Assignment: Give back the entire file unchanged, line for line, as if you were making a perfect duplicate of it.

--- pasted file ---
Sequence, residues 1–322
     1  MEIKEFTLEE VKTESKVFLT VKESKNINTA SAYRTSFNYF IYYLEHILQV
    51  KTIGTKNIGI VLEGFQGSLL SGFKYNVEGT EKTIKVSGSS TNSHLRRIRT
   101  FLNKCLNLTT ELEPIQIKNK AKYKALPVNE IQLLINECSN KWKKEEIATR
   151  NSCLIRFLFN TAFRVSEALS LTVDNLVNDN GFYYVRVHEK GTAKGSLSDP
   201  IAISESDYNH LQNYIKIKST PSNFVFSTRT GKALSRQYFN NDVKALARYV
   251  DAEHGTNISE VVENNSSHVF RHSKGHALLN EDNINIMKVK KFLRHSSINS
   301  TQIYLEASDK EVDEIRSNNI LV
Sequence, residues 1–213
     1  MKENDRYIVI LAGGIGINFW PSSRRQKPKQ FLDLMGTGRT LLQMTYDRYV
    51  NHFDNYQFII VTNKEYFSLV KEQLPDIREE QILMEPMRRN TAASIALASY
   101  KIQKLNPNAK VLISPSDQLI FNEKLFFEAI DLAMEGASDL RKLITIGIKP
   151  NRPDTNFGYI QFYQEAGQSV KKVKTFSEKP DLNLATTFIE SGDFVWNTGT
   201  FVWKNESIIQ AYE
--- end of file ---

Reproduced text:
Sequence, residues 1–322
     1  MEIKEFTLEE VKTESKVFLT VKESKNINTA SAYRTSFNYF IYYLEHILQV
    51  KTIGTKNIGI VLEGFQGSLL SGFKYNVEGT EKTIKVSGSS TNSHLRRIRT
   101  FLNKCLNLTT ELEPIQIKNK AKYKALPVNE IQLLINECSN KWKKEEIATR
   151  NSCLIRFLFN TAFRVSEALS LTVDNLVNDN GFYYVRVHEK GTAKGSLSDP
   201  IAISESDYNH LQNYIKIKST PSNFVFSTRT GKALSRQYFN NDVKALARYV
   251  DAEHGTNISE VVENNSSHVF RHSKGHALLN EDNINIMKVK KFLRHSSINS
   301  TQIYLEASDK EVDEIRSNNI LV
Sequence, residues 1–213
     1  MKENDRYIVI LAGGIGINFW PSSRRQKPKQ FLDLMGTGRT LLQMTYDRYV
    51  NHFDNYQFII VTNKEYFSLV KEQLPDIREE QILMEPMRRN TAASIALASY
   101  KIQKLNPNAK VLISPSDQLI FNEKLFFEAI DLAMEGASDL RKLITIGIKP
   151  NRPDTNFGYI QFYQEAGQSV KKVKTFSEKP DLNLATTFIE SGDFVWNTGT
   201  FVWKNESIIQ AYE